Young pastors, I challenge you to find an older pastor and have some conversations. I’m not even saying you need to find an older mentor (though I do think we all need older mentors); I’m simply saying, “Take an older pastor to lunch and talk.” Here are some reasons why.

 

Keelan Cook shared a post at The Peoples Next Door earlier this week explaining how immigration may soon beat a century-old record.

As of 2015, the United States had set one record in immigration, and it may be on pace to break another one.

 

According to the most recent data from Pew research, the United States is now home to over 43.2 million international immigrants. That is more than any other time in the country’s history. It also makes the United States the largest recipient of immigrants by a wide margin.

 

However, according to Pew, the US is tracking toward another milestone, one that has not been topped since 1890. This number is called “immigrant share,” and it is the percentage of the US population that is foreign-born. In other words, our total population is looking more and more diverse.

 

At the Intersect Project, Thomas West shared why we should listen to Lesslie Newbigin and rest by caring for our religious life, but also work by giving ourselves sound theological reflection.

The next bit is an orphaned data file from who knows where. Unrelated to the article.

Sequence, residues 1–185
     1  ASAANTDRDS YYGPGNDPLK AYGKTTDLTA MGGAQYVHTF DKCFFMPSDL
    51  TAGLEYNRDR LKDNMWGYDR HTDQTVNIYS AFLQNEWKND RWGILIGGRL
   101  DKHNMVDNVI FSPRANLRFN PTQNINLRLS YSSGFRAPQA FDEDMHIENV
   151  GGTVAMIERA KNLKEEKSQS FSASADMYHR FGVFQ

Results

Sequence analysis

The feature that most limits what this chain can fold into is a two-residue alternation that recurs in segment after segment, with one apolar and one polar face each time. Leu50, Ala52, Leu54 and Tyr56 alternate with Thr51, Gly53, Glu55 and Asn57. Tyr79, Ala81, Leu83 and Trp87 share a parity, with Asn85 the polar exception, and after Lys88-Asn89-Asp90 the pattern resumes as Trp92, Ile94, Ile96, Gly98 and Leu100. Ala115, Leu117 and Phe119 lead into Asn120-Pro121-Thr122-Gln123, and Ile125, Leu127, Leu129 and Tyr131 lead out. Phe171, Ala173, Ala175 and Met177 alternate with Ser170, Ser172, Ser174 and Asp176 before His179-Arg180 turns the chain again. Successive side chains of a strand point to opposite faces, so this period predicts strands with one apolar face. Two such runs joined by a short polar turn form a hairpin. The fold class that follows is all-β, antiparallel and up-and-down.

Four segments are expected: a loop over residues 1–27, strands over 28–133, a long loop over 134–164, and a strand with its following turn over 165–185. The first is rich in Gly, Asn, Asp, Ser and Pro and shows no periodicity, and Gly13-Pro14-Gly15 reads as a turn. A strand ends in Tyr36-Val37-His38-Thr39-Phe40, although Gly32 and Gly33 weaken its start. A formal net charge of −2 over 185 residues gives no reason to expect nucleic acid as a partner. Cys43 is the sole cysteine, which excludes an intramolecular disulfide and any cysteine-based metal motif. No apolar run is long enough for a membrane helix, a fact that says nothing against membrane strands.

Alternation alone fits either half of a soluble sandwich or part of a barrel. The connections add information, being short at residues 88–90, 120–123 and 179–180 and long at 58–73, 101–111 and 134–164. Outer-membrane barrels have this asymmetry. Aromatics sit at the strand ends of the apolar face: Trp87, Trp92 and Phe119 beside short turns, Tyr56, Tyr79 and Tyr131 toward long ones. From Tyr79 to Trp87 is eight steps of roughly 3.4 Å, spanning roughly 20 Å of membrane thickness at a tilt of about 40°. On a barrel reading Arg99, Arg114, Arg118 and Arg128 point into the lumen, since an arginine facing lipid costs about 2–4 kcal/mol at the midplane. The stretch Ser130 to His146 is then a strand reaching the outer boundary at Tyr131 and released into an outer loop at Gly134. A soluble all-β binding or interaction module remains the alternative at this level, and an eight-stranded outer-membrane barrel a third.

We all know the feeling.

 

We approach the end of the summer and wish we’d spent it differently. Sure, we did some good things. But there were other tasks we never got to. Some of us wish we’d played more. Others of us wish we’d worked a little harder. Either way, we feel like we’ve wasted our summer.

 

How can you avoid that post-summer letdown? What tips will help you live a summer without regrets? In this article, let’s learn from the remarkable example of a remarkable man, Lesslie Newbigin.

 

At his personal blog, Dr. Danny Akin shared five things you should always do before you preach a sermon.

Sermon preparation is hard work, no matter how long you’ve been doing it, and no matter how good you are at it. It simply requires work. Many preachers have a hard time finding a rhythm for sermon prep. What works for some might not work for others, and I think this is generally okay. However, I do think there are certain practices that should be common to all who want to faithfully and powerfully preach God’s Word to God’s people. I can think of at least 5.

 

Krystal White posted at the Intersect Project website sharing the burdens and blessings of a working mom. Krystal writes: